Casey: Dale toured extensively in his old band before he got here.
Dale: Like basically the last year we were actively touring, I didn't really have an address. I would come here between tours, and then when we stopped touring, all my stuff was here.
Finn: So you were here while Steel Pole Bath Tub was still around?
Finn: I didn't know that...now I know that.
SU: See? This interview was good for something. Now I hear that you guys do a mean Elvis Costello impression. [A local venue, Kings Barcade] hosts an annual 3-day event in December called The Great Cover-up featuring local bands and members of local bands in a variety of configurations covering major groups and playing a set of that group's songs dressed as those artists – it's a damn good time.]
Casey: That's Finn.
Finn: Yeah, that was just me. Me and members of Jett Rink.
Casey: It was pretty phenomenal. I saw it.
SU: Do you like doing things like that? Do you think it's cool to be involved in stuff like that in the local music community?
Casey: I got asked to be in a Jesus Lizard cover band, and I really wanted to do that, but I just didn't. I really wanted to do that. I love the Jesus Lizard. And yeah, that would have been a lot of fun.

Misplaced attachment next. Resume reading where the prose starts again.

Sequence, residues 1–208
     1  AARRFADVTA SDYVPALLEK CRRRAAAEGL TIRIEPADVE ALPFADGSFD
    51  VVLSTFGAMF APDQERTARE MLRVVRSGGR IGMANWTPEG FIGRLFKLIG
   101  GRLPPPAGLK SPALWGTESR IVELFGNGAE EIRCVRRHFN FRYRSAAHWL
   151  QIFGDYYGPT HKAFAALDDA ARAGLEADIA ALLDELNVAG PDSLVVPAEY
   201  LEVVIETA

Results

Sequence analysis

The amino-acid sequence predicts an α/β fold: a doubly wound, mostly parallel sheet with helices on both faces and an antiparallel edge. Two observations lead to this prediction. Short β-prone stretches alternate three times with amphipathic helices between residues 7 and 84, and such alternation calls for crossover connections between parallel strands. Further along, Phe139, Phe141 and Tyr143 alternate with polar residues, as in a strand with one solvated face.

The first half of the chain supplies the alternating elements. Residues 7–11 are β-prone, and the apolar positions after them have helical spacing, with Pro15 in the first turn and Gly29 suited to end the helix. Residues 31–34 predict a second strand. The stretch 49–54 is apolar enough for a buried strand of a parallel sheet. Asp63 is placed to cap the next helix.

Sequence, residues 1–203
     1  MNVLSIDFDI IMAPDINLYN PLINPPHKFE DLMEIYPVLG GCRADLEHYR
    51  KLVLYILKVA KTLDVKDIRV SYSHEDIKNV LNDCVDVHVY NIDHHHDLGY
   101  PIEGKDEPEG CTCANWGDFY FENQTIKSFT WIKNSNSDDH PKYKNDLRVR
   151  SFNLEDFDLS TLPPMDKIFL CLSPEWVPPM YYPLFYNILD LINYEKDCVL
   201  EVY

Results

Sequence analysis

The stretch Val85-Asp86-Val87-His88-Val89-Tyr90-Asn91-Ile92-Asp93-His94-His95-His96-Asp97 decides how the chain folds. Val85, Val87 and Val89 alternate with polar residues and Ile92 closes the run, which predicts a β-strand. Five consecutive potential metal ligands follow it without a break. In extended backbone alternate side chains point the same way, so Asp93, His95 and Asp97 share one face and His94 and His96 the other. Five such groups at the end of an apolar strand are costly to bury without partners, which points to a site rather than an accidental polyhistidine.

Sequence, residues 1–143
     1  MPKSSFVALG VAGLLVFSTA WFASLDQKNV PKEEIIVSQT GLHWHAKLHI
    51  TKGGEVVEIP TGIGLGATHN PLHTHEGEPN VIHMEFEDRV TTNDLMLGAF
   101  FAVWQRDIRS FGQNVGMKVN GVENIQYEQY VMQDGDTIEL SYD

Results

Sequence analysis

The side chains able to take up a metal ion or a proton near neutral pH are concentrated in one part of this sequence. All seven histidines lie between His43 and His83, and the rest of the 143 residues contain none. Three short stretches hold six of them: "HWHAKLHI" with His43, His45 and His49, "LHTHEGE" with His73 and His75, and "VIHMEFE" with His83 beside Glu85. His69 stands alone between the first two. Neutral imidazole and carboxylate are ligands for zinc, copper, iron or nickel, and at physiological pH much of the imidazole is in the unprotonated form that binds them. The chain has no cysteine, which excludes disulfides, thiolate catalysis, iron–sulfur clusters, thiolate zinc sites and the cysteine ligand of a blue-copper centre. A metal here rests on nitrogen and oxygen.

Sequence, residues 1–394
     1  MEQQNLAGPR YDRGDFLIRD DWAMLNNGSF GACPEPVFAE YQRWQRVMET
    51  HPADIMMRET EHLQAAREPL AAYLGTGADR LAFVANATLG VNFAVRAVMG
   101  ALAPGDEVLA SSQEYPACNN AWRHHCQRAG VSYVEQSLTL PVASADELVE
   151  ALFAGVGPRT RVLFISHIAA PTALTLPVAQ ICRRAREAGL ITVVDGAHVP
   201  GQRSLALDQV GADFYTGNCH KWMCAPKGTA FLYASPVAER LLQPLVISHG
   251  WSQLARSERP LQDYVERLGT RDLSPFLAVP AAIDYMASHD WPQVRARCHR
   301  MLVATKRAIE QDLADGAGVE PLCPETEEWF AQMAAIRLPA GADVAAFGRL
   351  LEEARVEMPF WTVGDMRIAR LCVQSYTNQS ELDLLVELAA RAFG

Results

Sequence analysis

SU: So what about the rest of you? Do you like being involved in stuff like that?
Finn: I did it four years in a row, and Robert and I did the first three. The thing that's awesome about it is that you get to learn a new skill. I mean like when we did Thin Lizzy, I had to learn how to play guitar solos. When we did The Replacements, I had to learn how to get really drunk and play. Elvis Costello was probably the best because those things are really hard to sing. And actually we recorded the CD that came out in October (2004) the week after that show, so my voice was really shot. It made me realize how people really do, I mean, that it's an instrument. Like you have to take care of it and think about it in certain ways. But it's cool cause you get to play with friends and goof around.